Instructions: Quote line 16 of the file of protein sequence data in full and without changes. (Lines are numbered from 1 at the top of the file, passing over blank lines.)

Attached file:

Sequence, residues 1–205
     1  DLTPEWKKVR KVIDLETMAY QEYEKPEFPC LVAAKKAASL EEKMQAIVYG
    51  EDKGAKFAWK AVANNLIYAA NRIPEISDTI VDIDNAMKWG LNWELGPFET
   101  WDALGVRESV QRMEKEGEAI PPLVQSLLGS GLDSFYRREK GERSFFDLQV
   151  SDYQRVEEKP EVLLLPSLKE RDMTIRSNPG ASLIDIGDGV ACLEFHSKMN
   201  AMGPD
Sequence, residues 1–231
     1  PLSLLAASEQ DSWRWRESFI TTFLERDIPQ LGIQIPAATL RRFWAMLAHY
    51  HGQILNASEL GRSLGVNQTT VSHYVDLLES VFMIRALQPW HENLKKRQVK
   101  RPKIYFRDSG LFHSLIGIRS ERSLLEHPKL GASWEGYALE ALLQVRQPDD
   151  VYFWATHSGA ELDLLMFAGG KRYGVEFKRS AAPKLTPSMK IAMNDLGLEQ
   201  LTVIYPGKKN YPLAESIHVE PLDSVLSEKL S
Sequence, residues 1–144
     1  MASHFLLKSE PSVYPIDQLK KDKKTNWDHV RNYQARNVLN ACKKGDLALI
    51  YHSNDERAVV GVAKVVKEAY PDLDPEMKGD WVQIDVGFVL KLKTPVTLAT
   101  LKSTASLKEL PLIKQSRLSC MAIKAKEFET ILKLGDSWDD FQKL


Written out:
   101  LKSTASLKEL PLIKQSRLSC MAIKAKEFET ILKLGDSWDD FQKL